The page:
Apprenticeships and traineeships for 16 to 19 year olds - Education Contents

2  The quality and range of apprenticeship provision

The quality of apprenticeships for young people

17. In 2013/14, there were 134,500 under 19s participating in intermediate (level 2) apprenticeships, and 58,100 in advanced apprenticeships (level 3).[24] We received a range of views about the quality of level 2 schemes. Professor Paul Croll suggested that for the "traditional age range of 16 to19 […] on the whole that traditional model does offer pretty good quality".[25] Professor Alison Fuller disagreed:

    About 70% of those youngsters who start an apprenticeship, in that age band, go on to a Level 2 apprenticeships […] The minimum criteria for the Level 2 should be one year's duration and allow you to attain some Level 2 awards. Is that really a secure platform for progression for future earnings and secure trajectories into higher paid and higher skilled jobs? I am not sure that it is. In comparator countries that would not count as an apprenticeship.[26]

18. City and Guilds highlighted the varied quality across different sectors:

    These now range from genuinely skilled occupations which demand two years of solid training and substantial part time education (eg construction trades), through to lower skill occupations which, if entered outside of apprenticeship would involve short term on the job training lasting as little as three months (eg some retail sales and/or customer service occupations).[27]

19. David Sims, Research Director at the National Foundation for Educational Research, and Professor Fuller both agreed that some schemes under the apprenticeship brand should not count as apprenticeships.[28] David Massey from UKCES said that the focus should be on outcomes:

    If it is a Level 2 and is delivering good outcomes in terms of earnings later on, and that is what employers say they need, that could still be high quality. Ideally they would move on to a Level 3, and that should still be the case.[29]

20. The Aspire Group suggested that removing level 2 schemes "would have a catastrophic impact on social mobility, as young people with modest to low academic achievement would no longer be able to gain a vocational position and progress".[30] Similarly Tom Wilson, Director of UnionLearn, told the Association of Employment and Learning Providers' conference in February 2015 that abolishing level 2 apprenticeships "would frankly be a grave injustice to the thousands and thousands of apprentices who've currently got level two".[31] He argued that level 3 apprenticeships should be the norm but that the way to achieve that aim was "not just to abolish at a stroke level two, it's to work with employers, work with unions, work with the sector bodies and try and create that sense of progression".[32]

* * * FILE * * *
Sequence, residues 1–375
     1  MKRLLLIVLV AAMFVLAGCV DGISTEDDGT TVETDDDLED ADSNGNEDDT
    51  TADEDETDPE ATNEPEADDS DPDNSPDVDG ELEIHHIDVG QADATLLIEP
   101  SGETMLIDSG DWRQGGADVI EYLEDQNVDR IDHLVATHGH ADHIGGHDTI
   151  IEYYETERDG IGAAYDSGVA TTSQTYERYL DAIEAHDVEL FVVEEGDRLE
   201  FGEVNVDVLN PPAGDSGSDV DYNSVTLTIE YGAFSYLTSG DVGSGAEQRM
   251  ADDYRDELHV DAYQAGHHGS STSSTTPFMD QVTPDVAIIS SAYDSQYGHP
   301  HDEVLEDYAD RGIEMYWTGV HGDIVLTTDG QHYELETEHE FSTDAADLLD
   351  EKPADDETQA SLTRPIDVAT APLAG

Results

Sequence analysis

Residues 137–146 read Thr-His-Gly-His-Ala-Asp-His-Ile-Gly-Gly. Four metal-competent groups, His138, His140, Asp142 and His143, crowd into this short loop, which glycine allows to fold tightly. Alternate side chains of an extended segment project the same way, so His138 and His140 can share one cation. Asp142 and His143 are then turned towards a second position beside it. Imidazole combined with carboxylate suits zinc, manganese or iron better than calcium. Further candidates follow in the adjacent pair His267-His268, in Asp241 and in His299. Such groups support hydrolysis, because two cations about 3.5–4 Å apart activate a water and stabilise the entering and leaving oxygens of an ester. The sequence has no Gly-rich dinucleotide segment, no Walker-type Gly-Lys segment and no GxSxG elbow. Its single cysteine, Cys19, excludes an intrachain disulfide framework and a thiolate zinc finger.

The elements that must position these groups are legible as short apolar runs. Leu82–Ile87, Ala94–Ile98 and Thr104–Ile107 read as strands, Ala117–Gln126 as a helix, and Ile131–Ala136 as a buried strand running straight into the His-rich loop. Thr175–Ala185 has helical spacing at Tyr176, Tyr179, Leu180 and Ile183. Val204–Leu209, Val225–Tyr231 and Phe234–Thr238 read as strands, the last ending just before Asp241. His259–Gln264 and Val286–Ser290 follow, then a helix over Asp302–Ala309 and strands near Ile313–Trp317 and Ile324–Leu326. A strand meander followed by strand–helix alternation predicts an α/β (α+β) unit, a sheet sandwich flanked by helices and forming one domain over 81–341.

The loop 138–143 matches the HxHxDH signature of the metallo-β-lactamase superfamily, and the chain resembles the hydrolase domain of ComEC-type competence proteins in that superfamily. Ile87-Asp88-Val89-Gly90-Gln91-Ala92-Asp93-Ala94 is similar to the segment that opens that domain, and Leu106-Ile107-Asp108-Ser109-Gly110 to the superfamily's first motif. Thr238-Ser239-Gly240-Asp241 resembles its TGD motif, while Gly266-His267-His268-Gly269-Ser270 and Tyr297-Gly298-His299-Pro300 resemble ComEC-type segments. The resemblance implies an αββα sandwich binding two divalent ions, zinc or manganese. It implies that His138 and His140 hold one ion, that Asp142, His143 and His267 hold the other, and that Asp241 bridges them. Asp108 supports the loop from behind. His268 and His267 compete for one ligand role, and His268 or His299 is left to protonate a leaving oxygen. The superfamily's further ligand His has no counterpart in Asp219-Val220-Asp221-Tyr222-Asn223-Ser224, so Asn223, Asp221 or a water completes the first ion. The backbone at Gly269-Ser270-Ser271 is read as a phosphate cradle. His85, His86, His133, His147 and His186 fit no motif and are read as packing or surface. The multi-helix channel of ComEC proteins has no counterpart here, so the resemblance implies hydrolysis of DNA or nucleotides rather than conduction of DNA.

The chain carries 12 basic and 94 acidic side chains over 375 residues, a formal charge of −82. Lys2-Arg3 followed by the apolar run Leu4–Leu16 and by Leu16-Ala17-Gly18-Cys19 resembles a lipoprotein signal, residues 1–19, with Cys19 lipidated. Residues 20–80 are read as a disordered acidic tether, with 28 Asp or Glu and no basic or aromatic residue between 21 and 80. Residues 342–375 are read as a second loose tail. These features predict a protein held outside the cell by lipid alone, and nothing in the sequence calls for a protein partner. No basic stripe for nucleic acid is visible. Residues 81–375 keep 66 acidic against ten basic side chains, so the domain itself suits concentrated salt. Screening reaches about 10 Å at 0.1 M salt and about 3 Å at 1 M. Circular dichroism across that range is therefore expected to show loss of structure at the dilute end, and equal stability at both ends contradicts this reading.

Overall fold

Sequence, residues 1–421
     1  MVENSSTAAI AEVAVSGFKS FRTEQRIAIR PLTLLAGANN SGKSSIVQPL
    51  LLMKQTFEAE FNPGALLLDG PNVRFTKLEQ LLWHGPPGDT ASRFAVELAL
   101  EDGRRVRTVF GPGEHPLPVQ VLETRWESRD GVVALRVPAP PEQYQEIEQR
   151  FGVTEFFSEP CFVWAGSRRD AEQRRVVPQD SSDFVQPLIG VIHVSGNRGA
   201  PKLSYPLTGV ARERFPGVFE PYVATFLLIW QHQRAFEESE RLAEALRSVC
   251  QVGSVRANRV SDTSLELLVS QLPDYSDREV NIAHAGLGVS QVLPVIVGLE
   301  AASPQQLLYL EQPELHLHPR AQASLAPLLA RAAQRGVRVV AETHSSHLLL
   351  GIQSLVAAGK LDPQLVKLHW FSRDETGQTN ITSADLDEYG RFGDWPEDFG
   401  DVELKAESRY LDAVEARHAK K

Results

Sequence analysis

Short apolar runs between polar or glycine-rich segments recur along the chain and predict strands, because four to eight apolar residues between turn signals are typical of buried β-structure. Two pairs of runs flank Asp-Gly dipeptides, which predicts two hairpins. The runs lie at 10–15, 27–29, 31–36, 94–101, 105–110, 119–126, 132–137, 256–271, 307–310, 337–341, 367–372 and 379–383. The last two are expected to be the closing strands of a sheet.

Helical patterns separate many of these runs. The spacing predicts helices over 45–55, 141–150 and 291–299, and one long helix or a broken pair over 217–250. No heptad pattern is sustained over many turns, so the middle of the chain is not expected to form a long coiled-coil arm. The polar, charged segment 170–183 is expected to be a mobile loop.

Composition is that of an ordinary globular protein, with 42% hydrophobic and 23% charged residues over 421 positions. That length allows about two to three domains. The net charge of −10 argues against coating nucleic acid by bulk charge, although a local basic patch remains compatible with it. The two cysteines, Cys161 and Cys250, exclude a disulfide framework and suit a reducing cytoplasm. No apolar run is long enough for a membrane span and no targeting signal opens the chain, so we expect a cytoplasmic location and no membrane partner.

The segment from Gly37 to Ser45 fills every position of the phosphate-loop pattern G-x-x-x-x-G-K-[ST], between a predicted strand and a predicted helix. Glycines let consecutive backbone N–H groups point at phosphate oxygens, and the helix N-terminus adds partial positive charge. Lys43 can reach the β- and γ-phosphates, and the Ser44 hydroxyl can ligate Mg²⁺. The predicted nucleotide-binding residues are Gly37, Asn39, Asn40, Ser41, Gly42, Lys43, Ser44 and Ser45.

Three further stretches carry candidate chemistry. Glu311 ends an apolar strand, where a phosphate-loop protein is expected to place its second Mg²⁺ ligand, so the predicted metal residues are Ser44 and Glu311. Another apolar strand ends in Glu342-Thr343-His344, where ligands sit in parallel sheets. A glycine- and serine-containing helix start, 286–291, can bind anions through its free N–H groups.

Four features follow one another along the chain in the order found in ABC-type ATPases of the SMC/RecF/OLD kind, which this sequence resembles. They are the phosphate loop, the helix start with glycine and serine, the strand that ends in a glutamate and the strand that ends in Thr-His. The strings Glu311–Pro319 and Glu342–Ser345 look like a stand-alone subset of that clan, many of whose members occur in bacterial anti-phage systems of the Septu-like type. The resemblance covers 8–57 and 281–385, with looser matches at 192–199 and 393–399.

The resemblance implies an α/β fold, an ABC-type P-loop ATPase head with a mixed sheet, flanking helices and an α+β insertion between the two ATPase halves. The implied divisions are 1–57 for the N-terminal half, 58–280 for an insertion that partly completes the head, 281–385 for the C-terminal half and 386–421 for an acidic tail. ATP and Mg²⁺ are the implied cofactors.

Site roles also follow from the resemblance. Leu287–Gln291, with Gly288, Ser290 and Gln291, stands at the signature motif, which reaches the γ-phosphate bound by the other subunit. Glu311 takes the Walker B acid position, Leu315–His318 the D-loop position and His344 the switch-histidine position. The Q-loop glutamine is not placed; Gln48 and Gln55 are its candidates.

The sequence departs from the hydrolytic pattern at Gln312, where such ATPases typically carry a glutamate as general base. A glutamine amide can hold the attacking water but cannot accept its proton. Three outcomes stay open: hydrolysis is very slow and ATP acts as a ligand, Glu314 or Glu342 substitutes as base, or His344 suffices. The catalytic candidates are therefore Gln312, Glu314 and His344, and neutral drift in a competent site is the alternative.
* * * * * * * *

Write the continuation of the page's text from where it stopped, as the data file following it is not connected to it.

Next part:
21. Level 2 schemes are particularly popular in certain specific sectors. SkillsActive, the Sector Skills Council for active leisure and wellbeing, reported that more than 10% of all level 2 apprenticeships were in hairdressing and barbering, where level 2 schemes were the norm.[33]

The range of apprenticeship frameworks

22. In August 2014 there were 328 different apprenticeship frameworks across 170 different industries.[34] The Government is looking to encourage more businesses to develop apprenticeships in a range of sectors, "including areas where apprenticeships were not previously available".[35] Since 2011 the DfE's focus has been on encouraging growth in the number of higher apprenticeships, at levels 4-7,[36] few of which are undertaken by younger apprentices.[37]

23. Fair Train supported an increased range of apprenticeships, noting that take-up had so far been less successful in the third sector.[38] The Aspire Group[39] and James Whelan both suggested that some sectors had a greater range of apprenticeships than others, with Mr Whelan highlighting the example of journalism, where there was only a single framework.[40]

24. In contrast, Eileen Cavalier, CEO of the London College of Beauty Therapy, suggested that apprenticeships were not suitable in every sector. She said that for beauty therapy "it is virtually impossible to deliver the qualification as an apprentice",[41] due to legislation preventing untrained therapists from performing treatments on customers.[42]

The image of apprenticeships

25. The challenge of driving up the number of young apprentices may be made more difficult by public perception of apprenticeships. The DfE told us:

    We know that there are significant and on-going misconceptions about apprenticeships amongst young people and the people and organisations that influence them. These tend to focus on an outdated view of apprenticeship as primarily focused on manual and low level work. For instance, ICM depth tracking research shows that: